Outside Diggi Palace's walls, things may be getting darker. Speech may be under threat; writers may be getting murdered for their writing. But, inside, it is possible to feel hope that ideas, nevertheless, may have their own power, says Mihir S Sharma.
In India, few good things can survive a decade of explosive growth. Restaurants lose focus, columnists begin to repeat themselves, companies stop innovating. But, to one's continual surprise, the Jaipur Literature Festival seems to be an exception to this otherwise firm rule.
Early every January, people murmur to each other that this will be the year that Diggi Palace is finally swamped; and, every year, the JLF's organisers and their army of bright-eyed young volunteers somehow manage to fit ever more readers, writers, selfie-takers and chai-drinkers within the antique haveli's colourful, frescoed walls.
Every fall, people read the programme and say -- well, the next JLF doesn't look quite as exciting, does it? Nothing stands out, right? And, every winter, they return from the festival saying that, as it turns out, the panels and programming worked even better than before.
India is now a country of literature festivals. Last year, I was in Chandigarh over a weekend that actually featured two competing festivals, each busy poaching the other's stars to come to their parties.
You even have specialised festivals: Delhi's Comic Con now fills a stadium, and during the Crime Writers Festival earlier this month, Oxford Bookstore in Connaught Place was decorated with corpses and blood, and girls bustled around dressed as cops.
The excitement that surrounds these is real, and not contrived, as is always the case with occasions celebrating particular genres that have dedicated fans. But, even amidst this multiplicity, Jaipur somehow manages to be the one you really want to go to -- for no reason other than its own energy.
When JLF began, it was very much an elite affair; India's English book-reading public is tiny, and this was an opportunity for them to chat with writers from abroad whom they knew of, but would never otherwise have met -- as well as to the writers from small-town and rural India whom they might meet, but might never otherwise have heard of.
Some time in the early 2010s -- perhaps the morning that Oprah Winfrey arrived and shut down a couple of Jaipur's main roads -- it became something quite different. Today, it's less a festival of individual writers than it is of ideas; of particular books than it is of the possibility of reading.
Yes, people who read only occasionally come -- but not to "be seen" any more. Instead, they come because they hope that listening to authors and being in the sort of environment that JLF provides will make up for the very fact that they don't read all that much.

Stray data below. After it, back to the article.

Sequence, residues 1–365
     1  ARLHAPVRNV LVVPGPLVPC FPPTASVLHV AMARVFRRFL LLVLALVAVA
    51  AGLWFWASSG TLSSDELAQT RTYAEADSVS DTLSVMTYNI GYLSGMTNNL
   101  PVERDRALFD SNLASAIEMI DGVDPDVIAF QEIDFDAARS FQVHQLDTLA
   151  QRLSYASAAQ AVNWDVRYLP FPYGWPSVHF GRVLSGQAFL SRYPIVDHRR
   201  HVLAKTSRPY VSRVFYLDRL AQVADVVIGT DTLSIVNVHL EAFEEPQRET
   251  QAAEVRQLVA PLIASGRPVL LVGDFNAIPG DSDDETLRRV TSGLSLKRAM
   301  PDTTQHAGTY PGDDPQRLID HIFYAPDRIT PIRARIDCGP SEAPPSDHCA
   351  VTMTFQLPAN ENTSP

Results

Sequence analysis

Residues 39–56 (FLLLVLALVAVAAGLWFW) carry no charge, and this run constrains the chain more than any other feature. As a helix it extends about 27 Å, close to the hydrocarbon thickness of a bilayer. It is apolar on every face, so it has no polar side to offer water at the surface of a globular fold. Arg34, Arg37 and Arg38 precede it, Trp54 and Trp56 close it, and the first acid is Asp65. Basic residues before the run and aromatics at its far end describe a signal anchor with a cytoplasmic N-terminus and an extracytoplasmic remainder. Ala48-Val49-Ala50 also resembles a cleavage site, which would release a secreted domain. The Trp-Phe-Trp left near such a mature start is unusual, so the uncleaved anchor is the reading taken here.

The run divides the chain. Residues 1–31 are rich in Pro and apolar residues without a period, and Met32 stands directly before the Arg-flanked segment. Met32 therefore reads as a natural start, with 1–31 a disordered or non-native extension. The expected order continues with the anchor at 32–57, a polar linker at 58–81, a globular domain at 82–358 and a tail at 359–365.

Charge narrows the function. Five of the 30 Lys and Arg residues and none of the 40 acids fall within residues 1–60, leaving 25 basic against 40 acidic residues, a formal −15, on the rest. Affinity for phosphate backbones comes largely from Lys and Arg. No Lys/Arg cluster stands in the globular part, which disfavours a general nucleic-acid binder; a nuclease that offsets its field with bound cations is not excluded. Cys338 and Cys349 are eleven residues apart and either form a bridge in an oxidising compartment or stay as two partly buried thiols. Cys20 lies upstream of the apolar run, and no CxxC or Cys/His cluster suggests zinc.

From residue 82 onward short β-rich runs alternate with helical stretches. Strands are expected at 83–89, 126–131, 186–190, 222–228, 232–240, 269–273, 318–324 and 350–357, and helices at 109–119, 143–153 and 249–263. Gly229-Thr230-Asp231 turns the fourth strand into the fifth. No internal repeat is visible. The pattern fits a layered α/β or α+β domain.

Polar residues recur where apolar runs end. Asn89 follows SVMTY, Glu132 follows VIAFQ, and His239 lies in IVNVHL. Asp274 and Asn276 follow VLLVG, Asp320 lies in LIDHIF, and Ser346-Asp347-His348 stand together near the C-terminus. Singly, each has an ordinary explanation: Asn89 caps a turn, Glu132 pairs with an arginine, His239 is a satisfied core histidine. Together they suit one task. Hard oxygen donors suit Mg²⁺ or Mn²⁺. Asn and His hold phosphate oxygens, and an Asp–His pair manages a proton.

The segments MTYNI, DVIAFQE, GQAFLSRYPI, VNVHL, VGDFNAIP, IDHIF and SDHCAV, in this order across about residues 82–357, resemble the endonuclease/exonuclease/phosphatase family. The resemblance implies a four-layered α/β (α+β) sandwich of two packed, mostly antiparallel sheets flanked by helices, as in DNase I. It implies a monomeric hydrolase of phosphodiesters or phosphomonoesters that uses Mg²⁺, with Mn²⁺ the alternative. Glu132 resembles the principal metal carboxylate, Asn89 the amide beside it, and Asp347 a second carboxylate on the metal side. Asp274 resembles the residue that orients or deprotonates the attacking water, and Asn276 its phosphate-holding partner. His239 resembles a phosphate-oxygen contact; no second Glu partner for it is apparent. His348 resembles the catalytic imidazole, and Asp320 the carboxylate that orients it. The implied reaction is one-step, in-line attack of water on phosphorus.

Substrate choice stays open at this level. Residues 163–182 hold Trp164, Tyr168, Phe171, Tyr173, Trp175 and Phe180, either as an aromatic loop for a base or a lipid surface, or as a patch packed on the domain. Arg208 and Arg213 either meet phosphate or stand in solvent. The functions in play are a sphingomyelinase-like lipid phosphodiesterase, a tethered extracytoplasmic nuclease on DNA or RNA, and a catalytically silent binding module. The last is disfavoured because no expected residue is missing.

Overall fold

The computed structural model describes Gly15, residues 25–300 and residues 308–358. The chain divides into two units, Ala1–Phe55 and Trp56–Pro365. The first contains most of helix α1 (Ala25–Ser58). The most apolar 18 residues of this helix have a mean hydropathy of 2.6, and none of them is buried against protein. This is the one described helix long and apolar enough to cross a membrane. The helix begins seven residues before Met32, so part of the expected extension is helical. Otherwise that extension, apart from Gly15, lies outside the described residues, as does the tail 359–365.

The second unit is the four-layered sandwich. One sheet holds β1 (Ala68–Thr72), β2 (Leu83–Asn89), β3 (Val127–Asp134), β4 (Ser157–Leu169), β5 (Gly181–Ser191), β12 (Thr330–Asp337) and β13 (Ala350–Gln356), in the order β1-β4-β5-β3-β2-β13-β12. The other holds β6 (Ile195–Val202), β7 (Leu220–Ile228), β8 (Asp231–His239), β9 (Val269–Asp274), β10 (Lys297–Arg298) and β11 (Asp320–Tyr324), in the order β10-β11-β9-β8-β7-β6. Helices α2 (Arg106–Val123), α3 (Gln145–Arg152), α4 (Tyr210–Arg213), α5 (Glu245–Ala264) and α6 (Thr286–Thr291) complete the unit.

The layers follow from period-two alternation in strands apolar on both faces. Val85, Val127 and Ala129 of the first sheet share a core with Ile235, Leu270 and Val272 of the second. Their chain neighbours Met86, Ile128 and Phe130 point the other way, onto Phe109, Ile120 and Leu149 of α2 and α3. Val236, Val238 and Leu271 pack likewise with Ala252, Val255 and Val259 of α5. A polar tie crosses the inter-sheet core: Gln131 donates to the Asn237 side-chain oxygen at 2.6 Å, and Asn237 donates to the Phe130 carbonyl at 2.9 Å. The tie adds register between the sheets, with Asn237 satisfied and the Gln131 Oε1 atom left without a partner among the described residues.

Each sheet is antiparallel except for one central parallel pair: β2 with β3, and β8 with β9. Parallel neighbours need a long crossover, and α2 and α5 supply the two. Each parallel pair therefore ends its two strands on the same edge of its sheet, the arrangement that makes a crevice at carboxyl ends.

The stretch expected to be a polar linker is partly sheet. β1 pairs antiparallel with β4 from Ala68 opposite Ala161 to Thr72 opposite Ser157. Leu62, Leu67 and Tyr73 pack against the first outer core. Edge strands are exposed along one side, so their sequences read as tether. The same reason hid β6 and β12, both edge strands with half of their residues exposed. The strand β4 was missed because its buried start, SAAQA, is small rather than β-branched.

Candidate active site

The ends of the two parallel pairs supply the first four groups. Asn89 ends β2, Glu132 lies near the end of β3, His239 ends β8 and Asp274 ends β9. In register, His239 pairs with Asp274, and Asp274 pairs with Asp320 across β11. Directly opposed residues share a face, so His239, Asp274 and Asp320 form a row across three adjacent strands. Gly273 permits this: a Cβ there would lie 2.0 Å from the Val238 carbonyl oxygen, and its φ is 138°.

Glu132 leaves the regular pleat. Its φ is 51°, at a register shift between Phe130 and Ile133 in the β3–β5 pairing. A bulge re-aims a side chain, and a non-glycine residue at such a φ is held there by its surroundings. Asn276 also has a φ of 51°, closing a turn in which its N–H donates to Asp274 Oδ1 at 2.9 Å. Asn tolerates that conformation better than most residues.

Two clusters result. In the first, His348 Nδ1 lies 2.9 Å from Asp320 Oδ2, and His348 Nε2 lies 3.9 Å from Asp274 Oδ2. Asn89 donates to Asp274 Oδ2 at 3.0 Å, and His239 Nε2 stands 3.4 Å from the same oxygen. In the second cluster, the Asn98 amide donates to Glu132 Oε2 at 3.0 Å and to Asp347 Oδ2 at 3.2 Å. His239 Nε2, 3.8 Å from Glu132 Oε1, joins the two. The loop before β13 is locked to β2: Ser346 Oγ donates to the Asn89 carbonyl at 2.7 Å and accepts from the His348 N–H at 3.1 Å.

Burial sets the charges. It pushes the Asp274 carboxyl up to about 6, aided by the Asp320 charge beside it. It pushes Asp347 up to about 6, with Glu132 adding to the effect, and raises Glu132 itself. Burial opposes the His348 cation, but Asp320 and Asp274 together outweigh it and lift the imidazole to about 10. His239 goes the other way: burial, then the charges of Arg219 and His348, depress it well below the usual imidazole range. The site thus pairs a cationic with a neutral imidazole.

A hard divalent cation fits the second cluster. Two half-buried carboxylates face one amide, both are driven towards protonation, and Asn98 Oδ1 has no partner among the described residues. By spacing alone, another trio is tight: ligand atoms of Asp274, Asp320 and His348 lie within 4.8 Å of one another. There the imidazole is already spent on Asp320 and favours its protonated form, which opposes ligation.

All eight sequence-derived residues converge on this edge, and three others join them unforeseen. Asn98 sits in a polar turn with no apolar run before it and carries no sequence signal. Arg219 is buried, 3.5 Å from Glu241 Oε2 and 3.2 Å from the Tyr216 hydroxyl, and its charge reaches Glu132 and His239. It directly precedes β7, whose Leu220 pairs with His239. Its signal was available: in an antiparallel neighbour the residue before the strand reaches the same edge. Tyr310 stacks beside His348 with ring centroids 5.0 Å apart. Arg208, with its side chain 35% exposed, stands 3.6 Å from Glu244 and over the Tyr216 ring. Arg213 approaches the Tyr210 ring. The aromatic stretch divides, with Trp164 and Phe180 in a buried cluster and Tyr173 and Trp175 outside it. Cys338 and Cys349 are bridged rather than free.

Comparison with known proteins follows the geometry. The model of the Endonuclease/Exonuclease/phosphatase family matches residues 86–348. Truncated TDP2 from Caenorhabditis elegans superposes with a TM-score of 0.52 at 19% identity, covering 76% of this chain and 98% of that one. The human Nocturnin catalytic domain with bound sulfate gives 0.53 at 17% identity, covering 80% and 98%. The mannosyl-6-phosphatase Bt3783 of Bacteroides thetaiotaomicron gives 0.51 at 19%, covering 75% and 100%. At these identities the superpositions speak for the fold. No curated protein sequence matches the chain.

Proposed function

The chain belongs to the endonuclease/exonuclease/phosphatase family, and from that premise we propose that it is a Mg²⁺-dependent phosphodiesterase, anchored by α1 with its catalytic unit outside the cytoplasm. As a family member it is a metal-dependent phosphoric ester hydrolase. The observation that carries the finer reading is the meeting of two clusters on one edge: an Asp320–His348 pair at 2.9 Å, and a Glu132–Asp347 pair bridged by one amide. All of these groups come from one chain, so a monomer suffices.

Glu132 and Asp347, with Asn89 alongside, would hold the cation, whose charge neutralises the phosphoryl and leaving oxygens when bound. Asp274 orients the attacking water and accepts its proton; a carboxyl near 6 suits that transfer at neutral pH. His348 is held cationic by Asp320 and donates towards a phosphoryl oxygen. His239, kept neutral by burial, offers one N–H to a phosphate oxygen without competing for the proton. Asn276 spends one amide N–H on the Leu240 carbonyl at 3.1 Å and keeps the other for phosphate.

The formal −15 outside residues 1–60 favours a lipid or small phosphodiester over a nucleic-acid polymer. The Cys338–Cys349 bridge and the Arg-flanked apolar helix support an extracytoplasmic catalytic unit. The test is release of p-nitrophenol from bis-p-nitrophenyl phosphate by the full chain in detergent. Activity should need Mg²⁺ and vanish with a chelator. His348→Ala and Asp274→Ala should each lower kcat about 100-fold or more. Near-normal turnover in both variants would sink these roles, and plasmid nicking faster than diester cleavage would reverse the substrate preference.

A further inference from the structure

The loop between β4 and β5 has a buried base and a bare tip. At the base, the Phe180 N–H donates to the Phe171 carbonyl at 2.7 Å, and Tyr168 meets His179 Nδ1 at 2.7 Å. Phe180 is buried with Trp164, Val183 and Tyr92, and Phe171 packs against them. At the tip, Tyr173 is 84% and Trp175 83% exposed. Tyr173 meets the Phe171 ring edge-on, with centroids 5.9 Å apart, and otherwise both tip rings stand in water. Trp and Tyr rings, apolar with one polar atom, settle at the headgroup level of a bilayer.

I have little patience for those who disdain this hope -- particularly since the most "literary" of people are more than happy to read essays in The New York Review of Books in the expectation that this is a close substitute to actually reading the book. (As a friend of mine suggested recently, the NYRB should, just once, come out with a gag issue in which it completely mis-states the plot and purpose of each book it's reviewing, and then sit back and watch.)
Outside Diggi Palace's walls, things may be getting darker. Speech may be under threat; writers may be getting murdered for their writing. But, inside, it is possible to feel hope that ideas, nevertheless, may have their own power.
The most exhilarating of sessions at Jaipur this year was hearing Stephen Fry talk about Oscar Wilde -- a simple yet deeply personal exposition of Wilde's life and trials, in both senses of that word.
It was exhilarating not just because Mr Fry is a superb performer, or because Wilde is one of the greatest characters in literary history. It was exhilarating because Mr Fry did not hold back just because he was in India -- he was completely himself in describing growing up, discovering his sexuality, dealing with bullies and a restrictive outside world, and in comparing his own experiences with those of Wilde, a century earlier.
And, above all, it was exhilarating because the audience -- overwhelmingly Indian, overwhelmingly small-town, most of which had never heard of Mr Fry and not even perhaps of Oscar Wilde -- spontaneously gave the speech a very rare standing ovation.
Outside Diggi Palace's walls, Section 377 is back in force, and those professing alternative sexualities are less free than they were a few scant years ago. But, inside, it was possible to believe that minds could change.
If, of course, you let those ideas be heard. Audiences at places like JLF come to educate themselves, to remind themselves that there's a free world of books out there, and to feel better thereby.
Occasionally, however, we're reminded of the thuggish outside world, which runs by rules very different from the warm thoughtfulness that granted Mr Fry his ovation.
In the hour before the closing debate on free speech, featuring newly-minted government awardee Anupam Kher -- our leading independent intellectual -- a sea of people began unexpectedly streaming through the gates even as the ordinary festival-goers were leaving.
Hard-faced men crowded into Diggi Palace's front lawns. When Anupam Kher got up to speak, they cheered and clapped. When a political opponent spoke, they drowned him out with cries of "Modi! Modi! Modi!" (It didn't sound fascist at all).
Ideas matter, and places like JLF matter. They can work to change us for the better. But they might not be allowed to.